The Carbon Budget Model of the Canadian Forest Sector (CBM-CFS3), recently released by the Canadian Forest Service, is a tool that is effective at quantifying changes in carbon in Canada?s forests. The CBM-CFS3 is a mature and extensively reviewed model that simulates a number of forest health issues: surface fuels (aboveground dead organic matter), stand-replacing fire or insects, and non-stand-replacing attacks from insects such as defoliators and bark beetles. The model relies on broad-scale regional parameters to estimate impacts such as C release from insects and fires, fuel consumption, and regrowth of stands following disturbance. Forest health issues such as root diseases and other pathogens are not explicitly included in the model. As a consequence, in parts of the interior of BC, the CBM-CFS3 may overpredict growth and underpredict mortality and soil C values. Two other key forest health management issues are the high fuel loads in Canadian forests, and finding strategies for mitigating their C release impact ? especially during fires. The CBM-CFS3 is a good tool for comparing and predicting C changes at the regional scale, based on different fuel treatment scenarios. The model, however, does not currently have adequate parameters and methodologies for addressing these issues. The CBM-CFS3 can benefit from research done with detailed stand-level models, especially those that explicitly incorporate forest health issues. For example, some research has been done (or is currently underway) using models from the boreal forest to provide more information and parameters on fuel consumption and fire emissions from different types of fires. Other stand-levels models have been used to help parameterize base mortality and turnover rates for even-aged stands. To date little, if any, parameterization of the CBM-CFS3 has been done for complex stand types, using information from multi-species, multi-age growth models such as PrognosisBC (Robinson 2004). In addition to modelling complex stands, PrognosisBC contains several forest health components including a research version of the Fire and Fuels Extension (FFE; Reinhardt and Crookston 2003), which can be used to simulate fuels and fuel treatments and to predict impacts of fire, and the Western Root Disease Model (WRDM, Beukema and Kurz, 1998, Beukema et al. 1998), which can be used to simulate the impact of root disease in a stand. In this project PrognosisBC, in conjunction with the WRDM and the FFE, will be used to explore: 1. effects of root disease (including changes in growth curves and increases in mortality) in different stand types with different management options; and 2. fire severity, emissions, and fuel consumption in different stand types with different fuel and stand management options. Results from these simulations will be transformed into new parameters and rules that can be used by the CBM-CFS3 so that it can scale this stand level information up to the regional level. The CBM-CFS3 can then be used to evaluate the carbon impacts of assumptions about root disease levels, levels of other pathogens that may have a similar overall impact, and alternative fuel treatment strategies. For example the CBM-CFS3 could be used to compare a fuel reduction programme with reduced overall wildfire risk against a business-as-usual baseline, or could compare the impact of overestimating areas with severe pathogen infections with assuming no pathogen presence (the current assumption). It will assist forest health managers to evaluate the possible impacts of management options on BC?s forest carbon emissions.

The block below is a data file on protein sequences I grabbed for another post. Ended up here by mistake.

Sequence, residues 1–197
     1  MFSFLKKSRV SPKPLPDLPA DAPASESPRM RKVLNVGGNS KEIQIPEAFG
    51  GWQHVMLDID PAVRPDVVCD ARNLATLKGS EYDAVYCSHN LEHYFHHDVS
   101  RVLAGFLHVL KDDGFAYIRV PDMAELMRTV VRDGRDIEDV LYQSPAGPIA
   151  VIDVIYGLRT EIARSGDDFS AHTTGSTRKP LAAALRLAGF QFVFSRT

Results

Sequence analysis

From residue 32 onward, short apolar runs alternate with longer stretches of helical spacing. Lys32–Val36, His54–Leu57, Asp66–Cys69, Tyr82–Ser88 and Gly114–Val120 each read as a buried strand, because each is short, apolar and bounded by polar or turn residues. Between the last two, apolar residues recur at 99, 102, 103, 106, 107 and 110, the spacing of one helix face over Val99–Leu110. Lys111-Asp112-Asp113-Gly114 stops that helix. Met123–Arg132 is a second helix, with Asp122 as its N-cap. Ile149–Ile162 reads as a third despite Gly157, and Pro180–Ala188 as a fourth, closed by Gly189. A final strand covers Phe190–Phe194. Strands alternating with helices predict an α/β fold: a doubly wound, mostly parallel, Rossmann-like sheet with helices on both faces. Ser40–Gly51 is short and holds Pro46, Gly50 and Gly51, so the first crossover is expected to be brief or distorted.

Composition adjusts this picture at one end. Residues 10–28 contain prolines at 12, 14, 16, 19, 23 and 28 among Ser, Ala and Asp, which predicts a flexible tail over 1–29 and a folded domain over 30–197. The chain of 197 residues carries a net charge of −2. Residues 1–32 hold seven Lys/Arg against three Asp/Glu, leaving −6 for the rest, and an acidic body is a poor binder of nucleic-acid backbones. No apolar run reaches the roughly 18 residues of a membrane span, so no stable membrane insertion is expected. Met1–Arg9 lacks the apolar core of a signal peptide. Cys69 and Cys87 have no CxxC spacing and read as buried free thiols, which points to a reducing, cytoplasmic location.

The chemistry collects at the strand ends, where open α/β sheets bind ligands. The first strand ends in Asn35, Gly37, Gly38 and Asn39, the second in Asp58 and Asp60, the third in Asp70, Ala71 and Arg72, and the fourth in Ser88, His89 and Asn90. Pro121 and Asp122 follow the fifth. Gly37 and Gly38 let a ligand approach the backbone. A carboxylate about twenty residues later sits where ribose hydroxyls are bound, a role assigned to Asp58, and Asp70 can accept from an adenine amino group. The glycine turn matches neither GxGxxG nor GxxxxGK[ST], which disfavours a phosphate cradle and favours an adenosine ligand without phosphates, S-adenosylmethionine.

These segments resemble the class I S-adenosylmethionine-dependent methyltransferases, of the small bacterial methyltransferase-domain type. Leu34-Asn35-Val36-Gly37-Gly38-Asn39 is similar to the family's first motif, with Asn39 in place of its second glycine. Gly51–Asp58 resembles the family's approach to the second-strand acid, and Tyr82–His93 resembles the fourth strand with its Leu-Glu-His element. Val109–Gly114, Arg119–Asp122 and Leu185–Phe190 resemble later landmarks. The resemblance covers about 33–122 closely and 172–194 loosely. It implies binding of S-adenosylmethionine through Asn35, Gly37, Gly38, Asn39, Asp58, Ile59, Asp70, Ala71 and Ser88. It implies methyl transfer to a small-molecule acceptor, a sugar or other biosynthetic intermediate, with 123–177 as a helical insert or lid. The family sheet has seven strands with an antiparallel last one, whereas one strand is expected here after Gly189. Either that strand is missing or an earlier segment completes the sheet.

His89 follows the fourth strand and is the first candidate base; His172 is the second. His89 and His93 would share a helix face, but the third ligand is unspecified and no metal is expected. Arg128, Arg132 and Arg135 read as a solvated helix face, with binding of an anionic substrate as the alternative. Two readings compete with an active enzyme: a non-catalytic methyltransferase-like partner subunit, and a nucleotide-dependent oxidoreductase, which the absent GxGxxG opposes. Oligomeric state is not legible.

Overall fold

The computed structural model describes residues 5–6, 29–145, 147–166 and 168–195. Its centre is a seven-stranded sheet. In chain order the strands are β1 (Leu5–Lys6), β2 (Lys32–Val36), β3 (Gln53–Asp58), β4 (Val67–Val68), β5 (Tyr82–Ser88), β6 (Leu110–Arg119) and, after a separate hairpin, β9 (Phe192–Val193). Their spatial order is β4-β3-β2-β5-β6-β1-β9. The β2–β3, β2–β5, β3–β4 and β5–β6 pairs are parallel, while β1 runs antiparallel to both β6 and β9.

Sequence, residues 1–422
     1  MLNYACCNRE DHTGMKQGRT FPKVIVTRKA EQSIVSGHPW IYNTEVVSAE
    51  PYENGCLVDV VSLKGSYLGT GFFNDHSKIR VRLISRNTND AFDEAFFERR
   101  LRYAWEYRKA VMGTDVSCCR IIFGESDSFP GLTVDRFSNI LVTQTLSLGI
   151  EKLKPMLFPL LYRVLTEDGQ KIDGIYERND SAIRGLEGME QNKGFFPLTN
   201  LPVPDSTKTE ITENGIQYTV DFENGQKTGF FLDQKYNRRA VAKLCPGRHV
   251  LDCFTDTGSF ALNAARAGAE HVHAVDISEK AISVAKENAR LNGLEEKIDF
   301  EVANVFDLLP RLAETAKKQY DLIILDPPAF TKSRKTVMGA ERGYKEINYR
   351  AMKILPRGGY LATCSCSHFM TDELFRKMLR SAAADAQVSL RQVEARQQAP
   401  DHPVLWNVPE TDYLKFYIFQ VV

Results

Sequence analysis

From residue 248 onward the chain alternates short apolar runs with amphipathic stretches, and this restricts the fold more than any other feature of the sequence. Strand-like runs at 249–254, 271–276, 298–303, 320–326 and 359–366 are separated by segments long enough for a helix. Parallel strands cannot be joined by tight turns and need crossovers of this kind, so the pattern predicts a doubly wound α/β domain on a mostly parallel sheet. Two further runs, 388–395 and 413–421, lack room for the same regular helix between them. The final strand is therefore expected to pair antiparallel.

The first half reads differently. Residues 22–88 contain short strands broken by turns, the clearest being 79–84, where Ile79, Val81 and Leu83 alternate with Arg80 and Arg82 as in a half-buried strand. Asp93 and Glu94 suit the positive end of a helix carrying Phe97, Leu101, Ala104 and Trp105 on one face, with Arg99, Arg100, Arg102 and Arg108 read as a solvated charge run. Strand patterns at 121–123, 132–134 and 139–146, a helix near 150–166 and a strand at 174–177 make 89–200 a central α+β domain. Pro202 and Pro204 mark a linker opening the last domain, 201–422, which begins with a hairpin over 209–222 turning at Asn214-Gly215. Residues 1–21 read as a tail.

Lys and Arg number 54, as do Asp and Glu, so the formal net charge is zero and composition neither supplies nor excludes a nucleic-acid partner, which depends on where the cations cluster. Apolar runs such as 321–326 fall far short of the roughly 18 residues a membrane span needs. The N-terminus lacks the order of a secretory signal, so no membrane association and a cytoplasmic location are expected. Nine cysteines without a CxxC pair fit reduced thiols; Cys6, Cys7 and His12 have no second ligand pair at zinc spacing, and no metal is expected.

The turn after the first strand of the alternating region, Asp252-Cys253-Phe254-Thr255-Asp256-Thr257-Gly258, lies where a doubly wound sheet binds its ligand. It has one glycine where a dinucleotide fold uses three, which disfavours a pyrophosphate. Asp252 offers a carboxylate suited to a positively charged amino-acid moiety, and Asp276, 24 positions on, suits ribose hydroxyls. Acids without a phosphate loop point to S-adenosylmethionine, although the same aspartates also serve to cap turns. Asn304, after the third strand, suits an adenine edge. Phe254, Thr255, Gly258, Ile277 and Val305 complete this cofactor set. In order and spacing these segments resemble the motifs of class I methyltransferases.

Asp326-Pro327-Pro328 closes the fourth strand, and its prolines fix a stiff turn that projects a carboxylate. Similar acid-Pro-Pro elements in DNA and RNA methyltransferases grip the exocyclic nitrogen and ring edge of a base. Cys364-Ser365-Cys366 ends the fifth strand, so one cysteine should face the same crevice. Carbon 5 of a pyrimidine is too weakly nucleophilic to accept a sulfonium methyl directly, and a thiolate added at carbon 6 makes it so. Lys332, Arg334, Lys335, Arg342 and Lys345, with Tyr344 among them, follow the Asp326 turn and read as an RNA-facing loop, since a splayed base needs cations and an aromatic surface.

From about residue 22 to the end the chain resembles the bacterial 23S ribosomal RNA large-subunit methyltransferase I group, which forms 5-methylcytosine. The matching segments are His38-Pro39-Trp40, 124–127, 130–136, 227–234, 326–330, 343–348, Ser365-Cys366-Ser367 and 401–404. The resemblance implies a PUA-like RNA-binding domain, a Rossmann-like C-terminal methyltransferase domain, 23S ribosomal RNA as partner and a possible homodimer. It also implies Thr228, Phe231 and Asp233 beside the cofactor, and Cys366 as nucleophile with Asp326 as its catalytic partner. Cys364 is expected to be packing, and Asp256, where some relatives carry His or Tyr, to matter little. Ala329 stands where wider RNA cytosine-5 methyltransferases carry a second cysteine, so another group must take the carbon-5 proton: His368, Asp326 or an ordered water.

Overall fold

Beukema, Sarah J., ESSA Technologies Ltd.. 2007. Determining Forest Health Impacts of Fuel Loading and Fires for Use by the CBM-CFS3 Carbon Accounting Model: FP-Y07-1030. Forest Investment Account (FIA) - Forest Science Program. Forest Investment Account Report
Topic: FLNRORD Research Program
Keywords: Forest, Investment, Account, (FIA), Carbon, British, Columbia
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